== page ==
Affiliate marketing, done right, can be good business for you and your list. The idea is to ally yourself with others who have a similar audience, thereby multiplying your reach and those of your fellow marketers. It goes like this: Perhaps your passion is restoring classic Corellian light freighters, and your blog on the subject has gathered a small, but engaged audience. One of the frequent complaints you hear from your readers is that they’re having trouble buffing out the carbon deposits from all those Imperial “boarding attempts.”  One day you attend a conference, and you meet a fellow marketer who has just invented a product that cleans up the paintwork like magic, and its only negative is that it smells distinctly like Wookie morning breath. You check out the marketer’s reputation, and hear nothing but good things. So you go ahead and sign up as an affiliate for this product, agreeing to promote it to your own list in exchange for a percentage of the sales. And because you’re a good, honest marketer, you come completely clean to your list, telling them that the link they’re going to click on is an affiliate link, and that you will profit from any sales.

Win/win, because your focus is still where it should be: on helping and protecting your subscribers, even if they do need to wear nose plugs when using the product. Heck, you could even throw in a free set with purchase!

“If there’s a bright center to the universe, you’re on the planet that it’s farthest from.”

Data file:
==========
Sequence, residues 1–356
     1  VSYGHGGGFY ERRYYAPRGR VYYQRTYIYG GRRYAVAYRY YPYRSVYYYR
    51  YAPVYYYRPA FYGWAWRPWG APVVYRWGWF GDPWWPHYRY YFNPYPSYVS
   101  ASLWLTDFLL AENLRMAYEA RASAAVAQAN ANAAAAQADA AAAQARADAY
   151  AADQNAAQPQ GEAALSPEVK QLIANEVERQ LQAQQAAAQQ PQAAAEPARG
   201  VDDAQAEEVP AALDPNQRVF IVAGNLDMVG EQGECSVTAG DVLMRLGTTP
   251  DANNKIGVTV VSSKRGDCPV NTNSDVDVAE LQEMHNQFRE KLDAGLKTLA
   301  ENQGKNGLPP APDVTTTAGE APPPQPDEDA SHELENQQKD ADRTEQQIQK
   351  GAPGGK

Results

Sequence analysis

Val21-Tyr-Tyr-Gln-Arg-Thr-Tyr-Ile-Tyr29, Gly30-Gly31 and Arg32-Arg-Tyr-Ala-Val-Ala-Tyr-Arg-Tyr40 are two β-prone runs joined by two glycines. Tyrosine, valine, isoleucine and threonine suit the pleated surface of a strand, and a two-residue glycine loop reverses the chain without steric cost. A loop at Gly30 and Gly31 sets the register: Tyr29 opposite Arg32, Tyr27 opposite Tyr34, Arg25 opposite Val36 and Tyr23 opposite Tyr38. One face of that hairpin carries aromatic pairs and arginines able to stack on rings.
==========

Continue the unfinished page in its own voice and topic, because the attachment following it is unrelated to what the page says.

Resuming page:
Ah, but what happens when it doesn’t go quite that well? What if subscribers are few and apathetic, nobody this side of the Maw Black Hole Cluster seems to be interested in designing parts to fit your salvaged hulks anymore, and you don’t have enough followers to persuade even an engineering apprentice at Awesomeballs Galactic Shipyards to do a webinar with you? What if your family’s patience is running thin and bills loom…and adventure still seems to be half a galaxy away even after all that hard work?

This is when the cockpit alarms start clamoring, because when the pressure reaches danger levels, the lure of a quicker – and significantly larger – payday can push our brave Jedis in training over the line. Now they’re in danger of diving deeper into the sleazier depths of internet marketing, out where the water goes dark and the dia nogus hide and wait. Suddenly it doesn’t matter as much that the products their new friends want them to push to their lists are a good fit for their audience. They just want to get a piece of that million dollar pie.

“Once you start down the dark path, forever will it dominate your destiny.”

It’s shockingly easy to be seduced by the Sith Lords of the IM industry… the ones with the videos claiming to make $30,000 a month from “one ugly little site,” usually on complete autopilot, of course. Jabba the Hut has nothing on these guys… at least you’d see him slithering in your direction! In another decade, they made videos of themselves pitching their wares alongside bright red Ferraris and bikini clad models. Now that Lifestyles of the Rich and Intergalactically Famous has become less PC, they sell themselves as former average Joes, only now they’re way cooler and more successful, of course. And if our young Jedi buys their thousands of dollars’ worth of courses, he’ll be an instant rock star, just like them. Except that he won’t be, unless he manages to do one thing: crack that inner circle himself and become one of them. Because most of the real money in that end of the industry is being made by a small handful of people… and they’re making it on the backs of all the other, smaller marketers out there.